What happened

Shares of Salesforce.com (CRM -1.62%) rose 11.3% in August 2018, according to data from S&P Global Market Intelligence. The enterprise cloud computing veteran named a new co-CEO to share management duties with founder Marc Benioff, followed by analysts betting on strong results in what was an upcoming earnings report at the time.

Two smiling young business people working around a shared laptop.

Image source: Getty Images.

So what

The elevation of longtime COO Keith Block to a new co-CEO role triggered a modest jump in Salesforce's share prices in early August. Later, several analyst firms raised their price targets on the company's shares in anticipation of good second-quarter results. For example, RBC Capital boosted its price target by 6%, citing strong demand for the company's services and attractive pricing power around Salesforce's artificial intelligence platform, Einstein. Jefferies pinned an 8% price target lift on a similar argument, adding that the deal pipeline looked even stronger for the second half of 2018.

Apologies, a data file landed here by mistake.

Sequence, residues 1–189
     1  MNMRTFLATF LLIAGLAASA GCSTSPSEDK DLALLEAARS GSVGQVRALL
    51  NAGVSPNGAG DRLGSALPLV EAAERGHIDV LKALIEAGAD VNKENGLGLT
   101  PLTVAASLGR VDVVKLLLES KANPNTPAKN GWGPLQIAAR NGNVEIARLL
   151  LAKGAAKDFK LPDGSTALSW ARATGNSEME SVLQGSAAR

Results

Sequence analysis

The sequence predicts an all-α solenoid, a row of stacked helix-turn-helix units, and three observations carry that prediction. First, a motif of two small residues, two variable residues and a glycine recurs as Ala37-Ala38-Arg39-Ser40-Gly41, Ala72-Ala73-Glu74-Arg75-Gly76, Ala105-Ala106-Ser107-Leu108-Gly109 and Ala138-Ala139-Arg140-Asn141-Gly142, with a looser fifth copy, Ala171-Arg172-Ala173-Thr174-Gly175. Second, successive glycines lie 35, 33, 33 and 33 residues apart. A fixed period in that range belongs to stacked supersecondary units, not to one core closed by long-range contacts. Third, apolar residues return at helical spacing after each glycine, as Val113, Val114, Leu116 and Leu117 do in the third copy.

When the second-quarter report made the rounds near the end of August, Salesforce crushed Wall Street's consensus earnings targets alongside a modest revenue surprise. Looking ahead, management guided third-quarter revenue above the Street consensus but set the next report's earnings target just below the analyst view. All told, Salesforce's share prices held on to the gains that had been collected in the run-up to this report.

Now what

Salesforce investors have now enjoyed a market-beating 57% return in 52 weeks thanks to a steady stream of earnings surprises. The stock is priced for continued hypergrowth, trading at 118 times trailing earnings and 40 times free cash flows. True-blue value hounds may want to stay away from this red-hot ticker for now, but Salesforce is living up to the skyrocketing ideals a growth investor finds interesting.